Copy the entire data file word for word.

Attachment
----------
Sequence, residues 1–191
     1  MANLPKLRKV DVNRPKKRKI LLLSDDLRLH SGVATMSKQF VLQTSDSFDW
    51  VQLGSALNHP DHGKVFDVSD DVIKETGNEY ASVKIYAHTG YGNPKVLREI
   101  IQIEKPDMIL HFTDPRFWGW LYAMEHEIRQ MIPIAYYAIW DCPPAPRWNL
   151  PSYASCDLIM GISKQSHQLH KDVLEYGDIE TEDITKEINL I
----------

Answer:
Sequence, residues 1–191
     1  MANLPKLRKV DVNRPKKRKI LLLSDDLRLH SGVATMSKQF VLQTSDSFDW
    51  VQLGSALNHP DHGKVFDVSD DVIKETGNEY ASVKIYAHTG YGNPKVLREI
   101  IQIEKPDMIL HFTDPRFWGW LYAMEHEIRQ MIPIAYYAIW DCPPAPRWNL
   151  PSYASCDLIM GISKQSHQLH KDVLEYGDIE TEDITKEINL I